Phone taps to be used against alleged teen terrorists

Prosecutors will draw on material from phone intercepts in their case against four teenagers charged with terrorism offences after a bishop's stabbing, a court has been told.

Assyrian bishop Mar Mari Emmanuel and priest Isaac Royel were stabbed during a live-streamed sermon at a western Sydney church in April.

A 16-year-old boy has been charged with committing a terrorist act over the stabbing at Christ the Good Shepherd Church in Wakeley, which police allege was religiously motivated.

Father Isaac Royel (left) and Bishop Mar Mari Emmanuel (file image)
Father Isaac Royel (left) and Bishop Mar Mari Emmanuel were both injured in the attack. (HANDOUT/CHRIST THE GOOD SHEPHERD CHURCH)

Six more teenagers, allegedly connected with the accused stabber, have also been charged with terrorism offences, including conspiring to engage in preparations for a terrorist act and possessing or controlling violent extremist material.

Four of those accused attended Parramatta Children's Court on Friday, when their lawyers agreed to an eight-week adjournment to give time for prosecutors to compile and hand over their full brief of evidence.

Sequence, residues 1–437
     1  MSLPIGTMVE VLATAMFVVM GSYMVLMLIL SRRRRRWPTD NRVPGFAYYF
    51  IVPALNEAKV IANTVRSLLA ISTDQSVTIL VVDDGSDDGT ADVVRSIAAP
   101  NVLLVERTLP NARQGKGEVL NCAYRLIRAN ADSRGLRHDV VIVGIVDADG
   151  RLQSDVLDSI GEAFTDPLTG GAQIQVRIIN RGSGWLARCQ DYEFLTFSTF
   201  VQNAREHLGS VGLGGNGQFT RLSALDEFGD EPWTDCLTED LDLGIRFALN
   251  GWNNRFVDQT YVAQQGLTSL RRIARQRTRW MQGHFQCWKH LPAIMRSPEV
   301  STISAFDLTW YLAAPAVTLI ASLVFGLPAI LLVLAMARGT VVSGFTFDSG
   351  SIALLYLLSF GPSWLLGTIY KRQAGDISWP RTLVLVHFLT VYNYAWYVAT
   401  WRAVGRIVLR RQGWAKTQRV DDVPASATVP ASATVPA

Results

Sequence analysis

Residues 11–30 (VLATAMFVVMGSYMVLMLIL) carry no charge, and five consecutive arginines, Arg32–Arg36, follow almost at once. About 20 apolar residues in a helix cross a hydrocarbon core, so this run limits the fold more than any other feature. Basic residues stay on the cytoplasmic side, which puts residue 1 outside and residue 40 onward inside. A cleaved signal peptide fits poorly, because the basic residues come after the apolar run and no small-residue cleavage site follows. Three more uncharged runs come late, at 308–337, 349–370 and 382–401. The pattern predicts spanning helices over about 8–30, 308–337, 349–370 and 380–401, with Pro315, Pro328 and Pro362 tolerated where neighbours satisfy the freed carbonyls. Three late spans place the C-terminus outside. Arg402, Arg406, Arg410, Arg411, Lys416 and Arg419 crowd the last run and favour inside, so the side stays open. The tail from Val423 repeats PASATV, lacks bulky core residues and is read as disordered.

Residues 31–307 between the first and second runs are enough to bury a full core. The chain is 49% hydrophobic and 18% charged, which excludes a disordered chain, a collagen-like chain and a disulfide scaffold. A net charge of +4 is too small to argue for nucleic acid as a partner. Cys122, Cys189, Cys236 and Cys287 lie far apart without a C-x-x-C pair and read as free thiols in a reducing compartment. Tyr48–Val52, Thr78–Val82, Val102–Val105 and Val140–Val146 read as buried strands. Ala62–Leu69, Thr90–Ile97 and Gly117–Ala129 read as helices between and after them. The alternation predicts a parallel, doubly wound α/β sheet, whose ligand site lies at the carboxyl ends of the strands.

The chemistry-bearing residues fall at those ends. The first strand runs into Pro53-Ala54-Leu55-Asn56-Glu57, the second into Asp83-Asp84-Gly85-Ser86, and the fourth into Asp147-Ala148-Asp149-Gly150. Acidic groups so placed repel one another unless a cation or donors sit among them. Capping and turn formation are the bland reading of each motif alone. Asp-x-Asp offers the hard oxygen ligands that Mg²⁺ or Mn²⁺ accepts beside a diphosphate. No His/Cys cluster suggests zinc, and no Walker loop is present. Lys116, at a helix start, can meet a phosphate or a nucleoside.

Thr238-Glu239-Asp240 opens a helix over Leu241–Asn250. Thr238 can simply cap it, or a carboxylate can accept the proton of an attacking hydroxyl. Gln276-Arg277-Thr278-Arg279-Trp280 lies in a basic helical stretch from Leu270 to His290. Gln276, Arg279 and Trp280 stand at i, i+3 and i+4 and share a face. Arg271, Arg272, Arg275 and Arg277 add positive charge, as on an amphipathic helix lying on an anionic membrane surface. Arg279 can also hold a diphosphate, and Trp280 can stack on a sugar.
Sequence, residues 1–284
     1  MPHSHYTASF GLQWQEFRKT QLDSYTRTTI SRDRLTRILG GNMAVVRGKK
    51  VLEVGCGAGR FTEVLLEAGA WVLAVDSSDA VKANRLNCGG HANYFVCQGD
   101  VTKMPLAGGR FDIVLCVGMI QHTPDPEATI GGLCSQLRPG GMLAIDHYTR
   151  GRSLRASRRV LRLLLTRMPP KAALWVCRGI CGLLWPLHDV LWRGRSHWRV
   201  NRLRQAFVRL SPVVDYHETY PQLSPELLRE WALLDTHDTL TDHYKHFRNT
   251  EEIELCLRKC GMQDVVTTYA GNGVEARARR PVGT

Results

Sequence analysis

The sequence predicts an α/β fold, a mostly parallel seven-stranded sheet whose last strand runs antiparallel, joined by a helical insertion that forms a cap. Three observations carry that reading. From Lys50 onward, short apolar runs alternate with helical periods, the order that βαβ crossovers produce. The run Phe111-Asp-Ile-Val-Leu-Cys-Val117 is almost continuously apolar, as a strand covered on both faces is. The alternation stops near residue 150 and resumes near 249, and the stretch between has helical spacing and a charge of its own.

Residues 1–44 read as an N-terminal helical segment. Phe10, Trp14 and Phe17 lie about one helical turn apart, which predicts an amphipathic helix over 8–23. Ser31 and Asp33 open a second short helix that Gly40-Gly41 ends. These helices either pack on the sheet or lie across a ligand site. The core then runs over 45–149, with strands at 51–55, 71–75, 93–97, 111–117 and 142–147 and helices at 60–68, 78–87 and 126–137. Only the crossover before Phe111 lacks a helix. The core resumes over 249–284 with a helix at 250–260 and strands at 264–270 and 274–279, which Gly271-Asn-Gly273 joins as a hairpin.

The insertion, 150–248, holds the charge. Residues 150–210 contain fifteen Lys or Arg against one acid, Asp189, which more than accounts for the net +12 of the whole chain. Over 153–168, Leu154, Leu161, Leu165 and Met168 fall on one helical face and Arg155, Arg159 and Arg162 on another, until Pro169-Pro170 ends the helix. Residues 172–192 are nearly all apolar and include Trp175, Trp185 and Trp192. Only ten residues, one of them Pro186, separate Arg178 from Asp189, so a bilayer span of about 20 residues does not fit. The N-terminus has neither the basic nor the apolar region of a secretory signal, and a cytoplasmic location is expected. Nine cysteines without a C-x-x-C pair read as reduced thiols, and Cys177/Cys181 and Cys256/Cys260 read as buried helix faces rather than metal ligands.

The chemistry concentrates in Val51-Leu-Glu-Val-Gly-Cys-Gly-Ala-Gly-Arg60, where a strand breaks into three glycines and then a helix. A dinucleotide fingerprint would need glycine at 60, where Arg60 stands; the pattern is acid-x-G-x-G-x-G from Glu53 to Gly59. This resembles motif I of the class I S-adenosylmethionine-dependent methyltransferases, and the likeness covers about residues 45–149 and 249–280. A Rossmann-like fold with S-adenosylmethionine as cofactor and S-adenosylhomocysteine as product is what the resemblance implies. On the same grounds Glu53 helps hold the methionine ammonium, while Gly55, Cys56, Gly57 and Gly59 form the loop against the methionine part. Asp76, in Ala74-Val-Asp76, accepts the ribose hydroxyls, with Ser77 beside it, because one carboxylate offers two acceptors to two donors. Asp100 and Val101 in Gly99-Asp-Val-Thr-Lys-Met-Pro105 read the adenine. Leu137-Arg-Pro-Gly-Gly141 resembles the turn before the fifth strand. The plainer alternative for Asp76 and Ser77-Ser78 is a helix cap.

The court heard that telephone intercept, body-worn camera footage and CCTV footage had still not been handed over to defence counsel.

Police had already completed a review of the four accused's primary communications devices and were still going through their secondary devices, the prosecutor said.

The matters will return to court on August 16.

The terror arrests came after a joint counter-terrorism team involving 400 police officers undertook 13 raids at several homes across Sydney in response to the Wakeley attack.

The stabbing also led to violent riots around the church with those in the angry throng demanding that the alleged teenager stabber, who had been subdued inside the place of worship, be handed over to the mob outside.

Police have charged 30 individuals in relation to the riots.